Tuesday, January 10, 2017

2017 Predictions #3: Siriously Alexa

Of all the AI, VR, TMT and HOT innovation acronyms, STI will make the biggest impact. For decades computer scientists have wrestled with perfecting Speech to Instruction (my term) technology – the ability to speak to your device and give it instructions that it understands. Perfection is required. “Now” and No” could be mistaken and the results disastrous. Apple’s Siri and Amazon Alexa - the star of 2017 CES - are the first in a wave of voice-instructed helping aids that tech is bringing us. More than ever, people will spend more time talking to their devices than to other people.

Monday, January 9, 2017

2017 Predictions #2: Trump Will Triumph

He won. The transition appointments show his intention for a muscular America, bristling with generals and billionaires: make things happen people. It’s said that politicians campaign in poetry and govern in prose. The Donald’s poetry – three word slogans ‘Lock Her Up,’ ‘Build the Wall’ and ‘Drain the Swamp’ got through to three year olds. A commentator noted there are no professors and intellectuals in the cabinet. Precisely. Trump will be unpredictable, surprising, perplexing, dangerous, brutish, but I believe he will initiate a thing or two that will have a lasting and positive impact on America and the world. Henry Kissinger believes Trump will shake things up by asking a lot of unfamiliar questions. Holding office – not campaigning for it –will bring great accountability. He will be judged not on bluster but on performance. And we must give him the opportunity to deliver. Ride ‘em cowboy.

Friday, January 6, 2017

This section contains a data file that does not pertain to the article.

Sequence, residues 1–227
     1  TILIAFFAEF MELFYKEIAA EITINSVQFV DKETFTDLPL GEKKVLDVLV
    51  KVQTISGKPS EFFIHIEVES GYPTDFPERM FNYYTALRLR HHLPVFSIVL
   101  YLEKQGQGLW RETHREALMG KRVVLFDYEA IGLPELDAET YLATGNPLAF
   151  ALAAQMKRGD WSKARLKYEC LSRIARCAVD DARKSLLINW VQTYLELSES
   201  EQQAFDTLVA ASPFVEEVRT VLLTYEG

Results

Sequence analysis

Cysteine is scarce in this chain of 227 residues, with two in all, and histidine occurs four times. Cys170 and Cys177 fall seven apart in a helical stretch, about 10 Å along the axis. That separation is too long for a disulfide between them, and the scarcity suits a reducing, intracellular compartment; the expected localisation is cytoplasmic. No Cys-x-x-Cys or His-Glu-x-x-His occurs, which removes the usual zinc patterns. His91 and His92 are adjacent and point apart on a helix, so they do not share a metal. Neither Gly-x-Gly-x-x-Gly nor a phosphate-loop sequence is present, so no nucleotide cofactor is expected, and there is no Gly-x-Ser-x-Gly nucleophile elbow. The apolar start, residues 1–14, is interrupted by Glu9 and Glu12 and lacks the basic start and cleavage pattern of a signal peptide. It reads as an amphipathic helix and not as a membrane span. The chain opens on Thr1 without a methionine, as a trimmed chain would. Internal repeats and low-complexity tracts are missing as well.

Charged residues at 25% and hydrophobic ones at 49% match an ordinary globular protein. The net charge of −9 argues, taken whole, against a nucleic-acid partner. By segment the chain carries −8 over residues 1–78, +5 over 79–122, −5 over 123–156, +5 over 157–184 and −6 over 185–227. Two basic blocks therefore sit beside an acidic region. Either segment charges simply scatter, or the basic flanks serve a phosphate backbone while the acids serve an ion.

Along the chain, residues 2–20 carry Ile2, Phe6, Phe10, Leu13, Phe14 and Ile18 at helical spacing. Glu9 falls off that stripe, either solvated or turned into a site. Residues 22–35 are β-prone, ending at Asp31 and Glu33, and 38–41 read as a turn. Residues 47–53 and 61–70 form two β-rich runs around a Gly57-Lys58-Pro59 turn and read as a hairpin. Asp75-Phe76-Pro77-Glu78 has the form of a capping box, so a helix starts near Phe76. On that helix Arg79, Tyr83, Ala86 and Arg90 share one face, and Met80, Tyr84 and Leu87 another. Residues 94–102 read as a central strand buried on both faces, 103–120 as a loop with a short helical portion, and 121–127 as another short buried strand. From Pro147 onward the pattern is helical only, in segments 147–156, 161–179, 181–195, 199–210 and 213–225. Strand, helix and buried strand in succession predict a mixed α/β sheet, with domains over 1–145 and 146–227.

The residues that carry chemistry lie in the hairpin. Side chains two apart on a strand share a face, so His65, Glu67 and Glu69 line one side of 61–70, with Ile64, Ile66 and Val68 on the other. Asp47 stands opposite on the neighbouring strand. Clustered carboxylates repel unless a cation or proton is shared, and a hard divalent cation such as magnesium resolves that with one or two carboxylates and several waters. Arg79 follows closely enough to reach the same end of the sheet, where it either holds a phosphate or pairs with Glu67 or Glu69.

2017 Predictions #1

If you thought last year was crazy, put on your seat belts for 2017. Here are three predictions for the year ahead… and a few sporting hopes.

2016 was about the 3 P’s – Protectionism, Prejudice and Patriotism. It was also the Year of the 4th P… The Populist… and a 5th… Putin. Enough with the P words!

2017 will be a year of fairness, reason and generosity. A year where moderates and optimists regroup. (This is frankly more a wish than a prediction but we live in Hope).

4 predictions: #1 - Britain Won’t Brexit

Not for a while, at least. A CNN poll in mid-December affirmed the original Brexit vote – more Britons want the UK to leave the EU than want to remain. That a simple YES/NO question can result in the cacophony of chaos that is going to ensue in the Cabinet, Parliament, and Whitehall in 2017 and for years hence, is unbelievable. Reducing the future of the UK, Europe and possibly the world to a binary choice seems to have been a ludicrous strategy on the part of David Cameron. More responsibility should have been put on voters to make a more complex decision than YES/NO allowed. 

Extricating the UK from the EU is mind-bogglingly complex, and there is collateral damage coming from both uncertainty and seismic financial and logistical events. I look at the EU as a tired bloated institution and understand why people voted to leave, but as a radical optimist – and a globalist – my instinct is to fix things first. I have written before that the only option for Britons to progress during the political and bureaucratic quagmire, is to double-down on personal purpose, business purpose, and national purpose. “Winning the world from the edge” is my New Zealand mantra. And now my British one.

Wednesday, January 4, 2017

PT Prophet podcast

Hayden Wilson is an Aussie, based in Melbourne, who has created an influential network of personal trainers and business owners dedicated to fitness. He says that “because the world needs more nice” he created the “be nice” movement – and fittingly, he sent me a nice note inviting me to be on his podcast PTProphet. We had a great hour long talk yesterday and his podcast is posted here. We talked about dreams, purpose, execution, making happy choices, no regrets, making an impact, living in a VUCA world, visualization, being creative. And the machine gun story. Enjoy.